On history and physical examination, determine whether the patient potentially has CIDP using the clinical criteria for typical CIDP
Clinical criteria for typical CIDP Must meet all the following
  • Progressive or relapsing, symmetric, proximal, and distal muscle weakness of upper and lower limbs, and sensory involvement of at least two limbs
  • Developing over at least 8 weeks
  • Absent or reduced tendon reflexes in all limbs

Step 2: Electrodiagnostic assessment

If CIDP is suspected → conduct electrodiagnostic studies to assess motor and sensory conduction using the criteria from EFNS/PNS
Motor criteria
At least one of the following:
(a) Motor distal latency prolongation ≥50% above ULN in two nerves (excluding median neuropathy at the wrist from carpal tunnel syndrome), or
(b) Reduction of motor conduction velocity ≥30% below LLN in two nerves, or
(c) Prolongation of F-wave latency ≥20% above ULN in two nerves (≥50% if the amplitude of distal negative peak CMAP <80% of LLN), or
(d) Absence of F-waves in two nerves (if these nerves have distal negative peak CMAP amplitudes ≥20% of LLN) + ≥1 other demyelinating parameter
(e) Motor conduction block: ≥30% reduction of the proximal relative to distal negative peak CMAP amplitude, excluding the tibial nerve, and distal negative peak CMAP amplitude ≥20% of LLN in two nerves; or in one nerve + ≥ 1 other demyelinating parameter
(f) Abnormal temporal dispersion: >30% duration increase between the proximal and distal negative peak CMAP (at least 100% in the tibial nerve) in ≥2 nerves, or
(g) Distal CMAP duration (interval between onset of the first negative peak and return to baseline of the last negative peak) prolongation in ≥1 nerve in ≥1 other nerve
  • (LFF 2 Hz) median > 8.4 ms, ulnar > 9.6 ms, peroneal > 8.8 ms, tibial > 9.2 ms
  • (LFF 5 Hz) median > 8.0 ms, ulnar > 8.6 ms, peroneal > 8.5 ms, tibial > 8.3 ms
  • (LFF 10 Hz) median > 7.8 ms, ulnar > 8.5 ms, peroneal > 8.3 ms, tibial > 8.2 ms
  • (LFF 20 Hz) median > 7.4 ms, ulnar > 7.8 ms, peroneal > 8.1 ms, tibial > 8.0 ms
Sensory criteria
  • Sensory conduction abnormalities are defined as if the result met any of the following:
    • Prolonged distal latency
    • Reduced sensory nerve action potential (SNAP)
    • Slowed conduction velocity outside of normal limits
  • Found in two nerves

Step 3: Differentiate between typical and atypical CIDP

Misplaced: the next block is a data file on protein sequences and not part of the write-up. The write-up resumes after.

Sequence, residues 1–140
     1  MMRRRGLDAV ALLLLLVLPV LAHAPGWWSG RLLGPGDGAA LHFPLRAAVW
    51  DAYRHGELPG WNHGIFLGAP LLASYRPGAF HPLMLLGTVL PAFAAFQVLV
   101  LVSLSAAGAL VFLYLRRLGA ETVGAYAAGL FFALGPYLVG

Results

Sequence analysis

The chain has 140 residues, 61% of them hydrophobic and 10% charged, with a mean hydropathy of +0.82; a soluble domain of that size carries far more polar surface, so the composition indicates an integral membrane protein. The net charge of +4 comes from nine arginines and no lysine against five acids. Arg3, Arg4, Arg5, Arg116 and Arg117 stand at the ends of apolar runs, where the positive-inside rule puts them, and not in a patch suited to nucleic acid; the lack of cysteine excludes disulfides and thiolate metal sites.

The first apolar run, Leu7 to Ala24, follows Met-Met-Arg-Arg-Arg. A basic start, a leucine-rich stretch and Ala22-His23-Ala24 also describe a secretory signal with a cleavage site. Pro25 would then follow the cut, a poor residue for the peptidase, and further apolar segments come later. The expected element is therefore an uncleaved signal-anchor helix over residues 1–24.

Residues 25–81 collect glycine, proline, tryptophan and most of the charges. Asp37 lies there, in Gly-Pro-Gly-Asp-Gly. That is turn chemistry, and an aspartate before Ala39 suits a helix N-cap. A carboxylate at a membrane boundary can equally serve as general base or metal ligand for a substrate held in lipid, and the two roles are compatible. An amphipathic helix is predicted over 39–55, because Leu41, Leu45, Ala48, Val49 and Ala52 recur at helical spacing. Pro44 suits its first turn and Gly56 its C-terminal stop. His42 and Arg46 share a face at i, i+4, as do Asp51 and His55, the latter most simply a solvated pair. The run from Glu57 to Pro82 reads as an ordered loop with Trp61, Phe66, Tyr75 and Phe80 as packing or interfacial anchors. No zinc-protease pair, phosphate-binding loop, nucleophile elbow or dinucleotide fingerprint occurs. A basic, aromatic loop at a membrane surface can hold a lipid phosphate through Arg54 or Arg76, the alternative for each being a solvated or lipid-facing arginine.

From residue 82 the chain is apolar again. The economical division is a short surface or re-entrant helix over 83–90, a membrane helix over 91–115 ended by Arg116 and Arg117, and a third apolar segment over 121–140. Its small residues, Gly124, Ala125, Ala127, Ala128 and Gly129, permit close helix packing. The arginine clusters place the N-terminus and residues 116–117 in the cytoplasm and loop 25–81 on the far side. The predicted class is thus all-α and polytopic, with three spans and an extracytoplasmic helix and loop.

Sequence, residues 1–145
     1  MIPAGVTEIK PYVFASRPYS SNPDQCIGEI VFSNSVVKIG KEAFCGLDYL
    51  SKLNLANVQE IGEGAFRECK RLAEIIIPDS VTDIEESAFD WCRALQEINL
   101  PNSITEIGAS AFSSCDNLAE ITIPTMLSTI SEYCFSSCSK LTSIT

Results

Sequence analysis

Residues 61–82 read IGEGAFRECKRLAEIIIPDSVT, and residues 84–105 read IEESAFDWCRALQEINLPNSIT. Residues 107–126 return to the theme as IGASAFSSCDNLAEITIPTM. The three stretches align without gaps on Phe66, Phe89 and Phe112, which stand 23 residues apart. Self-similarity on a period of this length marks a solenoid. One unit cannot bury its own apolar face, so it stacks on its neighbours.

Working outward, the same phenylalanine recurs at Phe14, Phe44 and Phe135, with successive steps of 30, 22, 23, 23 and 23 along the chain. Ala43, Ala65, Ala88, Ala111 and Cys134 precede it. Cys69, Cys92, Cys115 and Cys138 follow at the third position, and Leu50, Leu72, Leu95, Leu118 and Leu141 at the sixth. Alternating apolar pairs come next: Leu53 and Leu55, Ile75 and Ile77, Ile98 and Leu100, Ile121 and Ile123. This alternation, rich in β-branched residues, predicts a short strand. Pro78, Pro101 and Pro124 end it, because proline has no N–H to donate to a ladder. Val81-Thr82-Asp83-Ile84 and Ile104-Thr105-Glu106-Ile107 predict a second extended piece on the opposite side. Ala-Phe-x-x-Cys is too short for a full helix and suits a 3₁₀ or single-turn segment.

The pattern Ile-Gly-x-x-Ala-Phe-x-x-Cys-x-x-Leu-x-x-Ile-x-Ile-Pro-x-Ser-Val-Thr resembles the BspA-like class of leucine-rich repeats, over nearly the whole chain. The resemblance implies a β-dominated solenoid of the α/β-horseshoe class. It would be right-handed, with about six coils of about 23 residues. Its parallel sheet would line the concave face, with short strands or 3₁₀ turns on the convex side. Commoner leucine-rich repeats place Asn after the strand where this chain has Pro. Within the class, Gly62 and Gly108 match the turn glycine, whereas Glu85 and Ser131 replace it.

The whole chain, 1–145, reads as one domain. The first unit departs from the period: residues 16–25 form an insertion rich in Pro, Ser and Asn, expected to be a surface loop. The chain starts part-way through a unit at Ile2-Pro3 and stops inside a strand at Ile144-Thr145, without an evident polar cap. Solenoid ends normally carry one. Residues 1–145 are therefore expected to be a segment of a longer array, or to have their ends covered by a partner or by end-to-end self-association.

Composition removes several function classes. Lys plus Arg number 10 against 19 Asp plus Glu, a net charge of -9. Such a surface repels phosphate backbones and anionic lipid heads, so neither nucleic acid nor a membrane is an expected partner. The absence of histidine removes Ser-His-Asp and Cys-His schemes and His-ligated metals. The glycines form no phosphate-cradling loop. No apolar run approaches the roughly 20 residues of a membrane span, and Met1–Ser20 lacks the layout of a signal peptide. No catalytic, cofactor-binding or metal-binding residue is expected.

Determine whether the patient has possible typical CIDP or typical CIDP
  • Typical CIDP:
    • Abnormal motor conduction in 2 nerves
    • Abnormal sensory conduction in at least 2 nerves
  • Possible CIDP: two circumstances
      1. Abnormal motor conduction in 1 nerve AND 02 supportive criteria (mentioned below)
      1. No abnormal motor conduction AND objective treatment* improvement AND 01 supportive criteria
      *including IVIG, glucocorticoids, or plasma exchange

Supportive criteria

  • Elevated CSF protein with leukocyte count <10/mm3
  • MRI with gadolinium shows an enhancement and/or hypertrophy of the cauda equina, lumbosacral or cervical nerve roots, or the brachial or lumbosacral plexuses
  • Response to standard treatment
  • Nerve biopsy showing evidence of demyelination and/or remyelination by electron microscopy or teased fiber analysis

Differential diagnosis

  • Typical CIDP
    • AL amyloidosis, ATTRv polyneuropathy
    • Chronic ataxic neuropathy ophthalmoplegia M-protein agglutination disialosyl antibodies (CANOMAD)
    • Guillain-Barré syndrome
    • Hepatic neuropathy
    • HIV-related neuropathy
    • Multiple myeloma
    • Osteosclerotic myeloma
    • POEMS syndrome
    • Uremic neuropathy
    • Vitamin B12 deficiency
  • Distal CIDP
    • Anti-MAG IgM neuropathy
    • Diabetic neuropathy
    • Hereditary neuropathies
    • POEMS syndrome
    • Vasculitic neuropathy
  • Focal/multifocal CIDP
    • Diabetic radiculopathy/plexopathy
    • Entrapment neuropathies
    • Hereditary neuropathy with liability to pressure palsies (HNPP)
    • Multifocal motor neuropathy (MMN)
    • Neuralgic amyotrophy
    • Peripheral nerve tumors
    • Vasculitic neuropathy
  • Motor CIDP
    • Hereditary motor neuropathies
    • Inflammatory myopathies
    • Motor neuron disease
    • Neuromuscular junction disorders syndrome)
  • Sensory CIDP
    • Cerebellar ataxia, neuropathy, vestibular areflexia syndrome (CANVAS)
    • Chronic immune sensory polyradiculopathy (CISP)
    • Dorsal column lesions
    • Hereditary sensory neuropathies
    • Idiopathic sensory neuropathy
    • Sensory neuronopathy
    • Toxic neuropathies

Management